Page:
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Knob and Tube Wiring

Many houses constructed pre 1950's have what is called knob and tube wiring. One can determine if you have this type of wiring in your home, by closely looking at basement or attic and looking up at the joist or down under the insulation in the attic rafters
To determine if your home is wired " knob and tube", look for ceramic knobs or tubes in which the wire gets attached to, or passes through, joists or studs. If the knob and tube wiring is not easily visible, you can usually tell by looking at your electrical outlets and switches. You may only have two prong outlets to plug into. Basically, no ground at each outlet or fixture outlet means knob and tube wiring is present, likewise if you have older pushbutton switches, this is also a good sign you may have knob and tube

Nowadays, Home owners with knob and tube wiring may find it difficult or impossible to obtain insurance on their home because most insurance companies are reluctant to insure a house they perceive as risky. Insurance companies usually require a certificate of inspection and compliance from a licensed electrician, that all knob and tube has been removed and replaced with modern 3 wire grounded circuits before it will insure a home that previously had knob and tube wiring. After the electrician rewires your home, they give you a satisfactory assessment of your home, and the insurance company will consider giving an insurance policy for your house.
Knob and tube wiring does not provide a third wire for grounding and is therefore considered unsafe in kitchens, bathrooms, laundry rooms and outdoors. In other areas, knob and tube wiring that is in good condition with sheathing intact, properly protected from damage, and that hasn't been subjected to extended periods of overloading which can cause it to become brittle, should not pose an increased safety risk.
Aside from the preceding concerns, the primary risk with knob and tube wiring, it seems, is its relative accessibility for amateur repairs, upgrades and maintenance. It is not uncommon to see a system with knob and tube wiring that has a history of amateur work. If a house does have knob and tube wiring it should be inspected to ensure that it is properly installed and in good condition.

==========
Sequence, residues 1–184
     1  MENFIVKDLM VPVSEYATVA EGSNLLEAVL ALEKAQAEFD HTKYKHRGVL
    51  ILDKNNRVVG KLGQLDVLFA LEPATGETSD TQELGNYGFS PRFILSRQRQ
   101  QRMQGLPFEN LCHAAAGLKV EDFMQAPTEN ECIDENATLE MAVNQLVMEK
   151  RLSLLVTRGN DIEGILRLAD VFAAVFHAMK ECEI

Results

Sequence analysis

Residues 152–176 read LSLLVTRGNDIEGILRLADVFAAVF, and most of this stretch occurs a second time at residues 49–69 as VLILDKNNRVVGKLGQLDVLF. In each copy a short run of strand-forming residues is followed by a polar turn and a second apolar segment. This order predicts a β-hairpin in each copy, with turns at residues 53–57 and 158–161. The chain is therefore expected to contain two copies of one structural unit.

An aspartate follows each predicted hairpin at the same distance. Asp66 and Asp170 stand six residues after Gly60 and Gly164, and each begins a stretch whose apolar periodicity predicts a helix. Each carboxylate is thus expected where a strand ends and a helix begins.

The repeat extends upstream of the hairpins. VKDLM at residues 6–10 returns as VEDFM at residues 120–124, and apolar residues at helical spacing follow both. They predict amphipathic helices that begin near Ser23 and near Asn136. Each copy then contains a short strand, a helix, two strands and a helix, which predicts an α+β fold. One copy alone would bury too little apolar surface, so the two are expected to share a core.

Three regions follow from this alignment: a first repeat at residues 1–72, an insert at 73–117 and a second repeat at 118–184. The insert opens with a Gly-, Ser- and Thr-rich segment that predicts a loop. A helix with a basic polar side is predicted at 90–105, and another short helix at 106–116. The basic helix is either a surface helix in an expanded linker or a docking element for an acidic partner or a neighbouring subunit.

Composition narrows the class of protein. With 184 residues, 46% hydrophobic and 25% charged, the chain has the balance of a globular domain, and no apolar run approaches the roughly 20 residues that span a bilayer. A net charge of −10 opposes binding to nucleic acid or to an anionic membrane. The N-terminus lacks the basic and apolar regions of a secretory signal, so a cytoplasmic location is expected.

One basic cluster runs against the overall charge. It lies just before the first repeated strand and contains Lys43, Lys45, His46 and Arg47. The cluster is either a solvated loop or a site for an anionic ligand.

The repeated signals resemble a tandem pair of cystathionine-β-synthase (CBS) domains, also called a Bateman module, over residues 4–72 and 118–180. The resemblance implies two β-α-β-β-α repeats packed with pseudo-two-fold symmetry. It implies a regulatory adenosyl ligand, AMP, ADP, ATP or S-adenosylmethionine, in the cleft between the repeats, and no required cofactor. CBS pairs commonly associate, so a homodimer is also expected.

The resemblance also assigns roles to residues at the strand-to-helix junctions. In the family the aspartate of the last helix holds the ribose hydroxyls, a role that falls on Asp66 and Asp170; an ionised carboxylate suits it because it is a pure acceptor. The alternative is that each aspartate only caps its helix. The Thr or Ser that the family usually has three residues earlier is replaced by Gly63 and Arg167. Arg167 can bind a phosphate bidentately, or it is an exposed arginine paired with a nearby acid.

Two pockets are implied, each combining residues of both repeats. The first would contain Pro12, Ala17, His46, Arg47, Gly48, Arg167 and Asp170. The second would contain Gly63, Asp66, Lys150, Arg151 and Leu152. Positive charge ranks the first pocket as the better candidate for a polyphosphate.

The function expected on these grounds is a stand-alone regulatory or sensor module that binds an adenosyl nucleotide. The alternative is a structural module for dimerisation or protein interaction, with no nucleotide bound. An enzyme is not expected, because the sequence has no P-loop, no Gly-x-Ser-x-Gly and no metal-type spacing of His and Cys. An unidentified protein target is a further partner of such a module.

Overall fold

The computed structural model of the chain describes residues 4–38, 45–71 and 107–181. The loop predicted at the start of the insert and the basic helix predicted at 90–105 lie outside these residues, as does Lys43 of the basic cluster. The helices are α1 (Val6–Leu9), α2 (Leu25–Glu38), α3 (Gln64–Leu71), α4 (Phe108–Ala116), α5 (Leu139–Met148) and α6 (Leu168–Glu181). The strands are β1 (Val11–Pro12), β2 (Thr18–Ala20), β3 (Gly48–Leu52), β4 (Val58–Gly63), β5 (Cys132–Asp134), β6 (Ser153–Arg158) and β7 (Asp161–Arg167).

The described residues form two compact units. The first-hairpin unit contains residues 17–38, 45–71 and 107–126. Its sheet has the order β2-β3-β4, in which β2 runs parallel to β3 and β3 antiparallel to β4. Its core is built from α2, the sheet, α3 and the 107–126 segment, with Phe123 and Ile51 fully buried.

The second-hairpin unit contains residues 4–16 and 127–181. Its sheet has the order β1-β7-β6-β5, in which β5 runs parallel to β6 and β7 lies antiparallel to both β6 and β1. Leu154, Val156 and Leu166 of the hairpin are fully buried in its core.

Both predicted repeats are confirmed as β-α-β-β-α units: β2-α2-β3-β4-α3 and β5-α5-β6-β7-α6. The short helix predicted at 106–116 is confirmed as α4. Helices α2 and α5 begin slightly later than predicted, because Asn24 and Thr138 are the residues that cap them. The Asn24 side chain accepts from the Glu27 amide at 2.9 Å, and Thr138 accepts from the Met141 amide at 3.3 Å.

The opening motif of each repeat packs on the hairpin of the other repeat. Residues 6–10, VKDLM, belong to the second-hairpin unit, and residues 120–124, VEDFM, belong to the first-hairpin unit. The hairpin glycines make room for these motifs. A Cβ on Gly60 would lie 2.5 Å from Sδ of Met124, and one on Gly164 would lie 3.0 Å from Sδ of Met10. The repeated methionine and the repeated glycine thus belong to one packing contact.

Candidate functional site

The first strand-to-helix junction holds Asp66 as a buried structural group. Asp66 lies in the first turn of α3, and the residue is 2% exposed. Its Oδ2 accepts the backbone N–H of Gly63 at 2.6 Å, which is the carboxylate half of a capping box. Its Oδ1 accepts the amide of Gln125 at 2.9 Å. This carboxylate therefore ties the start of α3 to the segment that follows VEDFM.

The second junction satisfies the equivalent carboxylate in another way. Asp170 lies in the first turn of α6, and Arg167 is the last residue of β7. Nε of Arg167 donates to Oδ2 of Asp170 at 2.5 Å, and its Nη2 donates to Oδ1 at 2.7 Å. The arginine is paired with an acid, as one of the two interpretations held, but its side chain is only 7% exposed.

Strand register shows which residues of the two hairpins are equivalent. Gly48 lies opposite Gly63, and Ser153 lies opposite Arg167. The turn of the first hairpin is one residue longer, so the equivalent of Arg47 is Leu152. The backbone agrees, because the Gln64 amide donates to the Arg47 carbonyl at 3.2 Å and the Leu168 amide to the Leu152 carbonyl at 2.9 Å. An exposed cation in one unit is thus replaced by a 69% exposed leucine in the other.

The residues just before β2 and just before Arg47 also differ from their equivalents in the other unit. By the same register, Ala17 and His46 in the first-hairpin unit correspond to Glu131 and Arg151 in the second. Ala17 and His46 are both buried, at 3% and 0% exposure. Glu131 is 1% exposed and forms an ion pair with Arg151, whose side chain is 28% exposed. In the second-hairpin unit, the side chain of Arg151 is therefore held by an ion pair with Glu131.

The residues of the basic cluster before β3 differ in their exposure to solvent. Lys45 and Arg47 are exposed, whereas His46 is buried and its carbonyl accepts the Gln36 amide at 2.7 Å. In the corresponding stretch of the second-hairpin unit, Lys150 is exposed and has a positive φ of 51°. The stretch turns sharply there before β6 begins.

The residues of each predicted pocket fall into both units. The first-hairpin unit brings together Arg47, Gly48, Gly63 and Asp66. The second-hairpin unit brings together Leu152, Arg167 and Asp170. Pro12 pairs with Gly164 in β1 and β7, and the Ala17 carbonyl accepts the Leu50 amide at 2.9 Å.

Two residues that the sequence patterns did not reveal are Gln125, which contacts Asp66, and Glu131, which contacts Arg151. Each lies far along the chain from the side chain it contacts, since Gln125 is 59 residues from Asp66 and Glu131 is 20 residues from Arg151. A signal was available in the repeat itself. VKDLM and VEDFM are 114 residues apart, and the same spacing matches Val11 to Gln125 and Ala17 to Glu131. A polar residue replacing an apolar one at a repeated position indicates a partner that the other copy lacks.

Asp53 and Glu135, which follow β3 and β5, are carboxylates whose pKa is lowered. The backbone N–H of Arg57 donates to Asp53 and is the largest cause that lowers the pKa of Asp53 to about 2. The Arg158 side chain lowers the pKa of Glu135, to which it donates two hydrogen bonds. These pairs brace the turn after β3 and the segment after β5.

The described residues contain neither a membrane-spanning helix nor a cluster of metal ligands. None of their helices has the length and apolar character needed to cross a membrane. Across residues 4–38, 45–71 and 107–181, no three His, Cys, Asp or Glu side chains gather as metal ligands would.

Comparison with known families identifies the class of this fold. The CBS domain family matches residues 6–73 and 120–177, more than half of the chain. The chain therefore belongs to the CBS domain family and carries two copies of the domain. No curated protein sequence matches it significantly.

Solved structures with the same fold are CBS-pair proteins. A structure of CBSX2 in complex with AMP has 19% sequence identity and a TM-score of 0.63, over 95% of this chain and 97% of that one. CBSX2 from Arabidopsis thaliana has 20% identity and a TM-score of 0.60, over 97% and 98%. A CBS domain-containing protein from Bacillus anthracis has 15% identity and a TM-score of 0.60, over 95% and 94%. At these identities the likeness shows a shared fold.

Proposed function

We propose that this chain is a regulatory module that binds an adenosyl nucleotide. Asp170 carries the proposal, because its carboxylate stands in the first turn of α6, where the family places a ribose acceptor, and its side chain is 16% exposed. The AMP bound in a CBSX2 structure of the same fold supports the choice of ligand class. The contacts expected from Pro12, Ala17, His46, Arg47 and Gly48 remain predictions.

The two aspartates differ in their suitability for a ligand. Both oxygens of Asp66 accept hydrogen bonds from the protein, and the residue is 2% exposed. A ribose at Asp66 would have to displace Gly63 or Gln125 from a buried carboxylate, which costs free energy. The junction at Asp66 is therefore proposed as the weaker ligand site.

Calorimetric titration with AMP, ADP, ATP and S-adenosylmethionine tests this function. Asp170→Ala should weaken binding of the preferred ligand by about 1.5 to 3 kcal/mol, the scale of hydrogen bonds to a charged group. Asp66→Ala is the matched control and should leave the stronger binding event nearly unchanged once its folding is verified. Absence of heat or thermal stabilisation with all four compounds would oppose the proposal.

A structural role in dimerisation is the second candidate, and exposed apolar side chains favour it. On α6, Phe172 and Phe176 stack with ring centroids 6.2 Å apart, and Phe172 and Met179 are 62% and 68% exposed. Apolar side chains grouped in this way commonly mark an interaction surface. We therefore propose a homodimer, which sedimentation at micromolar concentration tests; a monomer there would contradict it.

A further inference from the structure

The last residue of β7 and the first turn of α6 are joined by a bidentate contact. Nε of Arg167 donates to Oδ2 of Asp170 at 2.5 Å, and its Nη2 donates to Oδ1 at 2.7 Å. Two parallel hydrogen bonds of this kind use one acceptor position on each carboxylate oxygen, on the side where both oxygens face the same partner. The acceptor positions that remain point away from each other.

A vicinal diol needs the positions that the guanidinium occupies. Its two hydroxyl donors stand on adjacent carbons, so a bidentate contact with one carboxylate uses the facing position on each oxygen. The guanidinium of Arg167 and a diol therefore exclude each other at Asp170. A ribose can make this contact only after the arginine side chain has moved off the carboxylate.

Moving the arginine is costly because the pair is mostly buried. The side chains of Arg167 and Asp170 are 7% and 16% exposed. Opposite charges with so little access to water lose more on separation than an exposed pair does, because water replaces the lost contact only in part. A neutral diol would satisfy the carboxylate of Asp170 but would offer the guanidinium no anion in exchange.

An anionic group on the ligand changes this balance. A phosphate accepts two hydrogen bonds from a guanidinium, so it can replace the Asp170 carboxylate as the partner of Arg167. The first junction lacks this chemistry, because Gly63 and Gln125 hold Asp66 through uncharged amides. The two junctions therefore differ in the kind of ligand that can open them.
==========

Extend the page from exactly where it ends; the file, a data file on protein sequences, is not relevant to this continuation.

If a few, but not all, of the circuits are in poor condition they can be replaced eventually without rewiring the whole house. However, if most or all of the circuits are in poor condition, it may be more economical to completely rewire the home. At Hi Amp Electric, our professional Pierce,Thurston,Mason,Lewis,and King County electricians can rewire your old, unsafe knob and tube wiring and replace it with modern electrical circuits.

What are some concerns with Knob and Tube wiring?

Below is a picture of knob and tube wiring which has been a safety concern because of its tendancy to overheat when insulation is packed around it. Also since it have been around for some time now the chance of it having been overheated due to overfusing is much higher. This have become a issue with insurance companies as they no longer want to insure houses with more than one circuit of knob and tube. There may still be a couple insurance companies that will insure knob and tube wiring and if you know of which please let us know.

When can your expect to see knob and tube wiring in a house. It was installed in homes up to the 1950's and you will likely see it in homes built before there was wiring installed initially.









Knob and tube wiring was sometimes installed with a fuse on both the neutral and the power wires. This is a concern because in the event that the fuse on the neutral is blown the home owner will think that the circuit is no longer live when in reality you can still be hurt by injured because the circuit will still be live.

Because the uses of electricity has changed so much in the past 60 years since it was last installed it is common to find circuits that were extended by home owners who may or may not have done a good job. Because knob and tube was installed without junction boxes people think they can still make connections without junction boxes when in fact this is not any longer allowed. Lastly since the wiring is typically quite old the chances of it having been damaged is higher and it has aged, meaning the sheathing may be brittle or broken.



Did you know that most of the Home Owners Insurance Companies will not insure a home if it has Knob and Tube wiring? If you are looking at a home and are wondering how to determine if it has Knob and Tube wiring a good place to start looking is in the basement or the attic. Here is an example. If you look closely the porcelain knobs are in the back ground and If you look closer you can see the wires passing through a porcelain tube in the wall. The largest problems with Knob and Tube wiring is: 1. The sheathing gets damaged with age. 2. Improperly tapping into the system with newer methods of wiring. 3. Improperly protecting the circuits in the panel.

There are a few insurance companies that will insure a home if a Licensed Master Electrician will write a letter stating that all of the Knob and Tube wiring is safe. You should ask your insurance company before settling on a home.
If you need help in identifying this issue give us a call at 1-888-278-3616.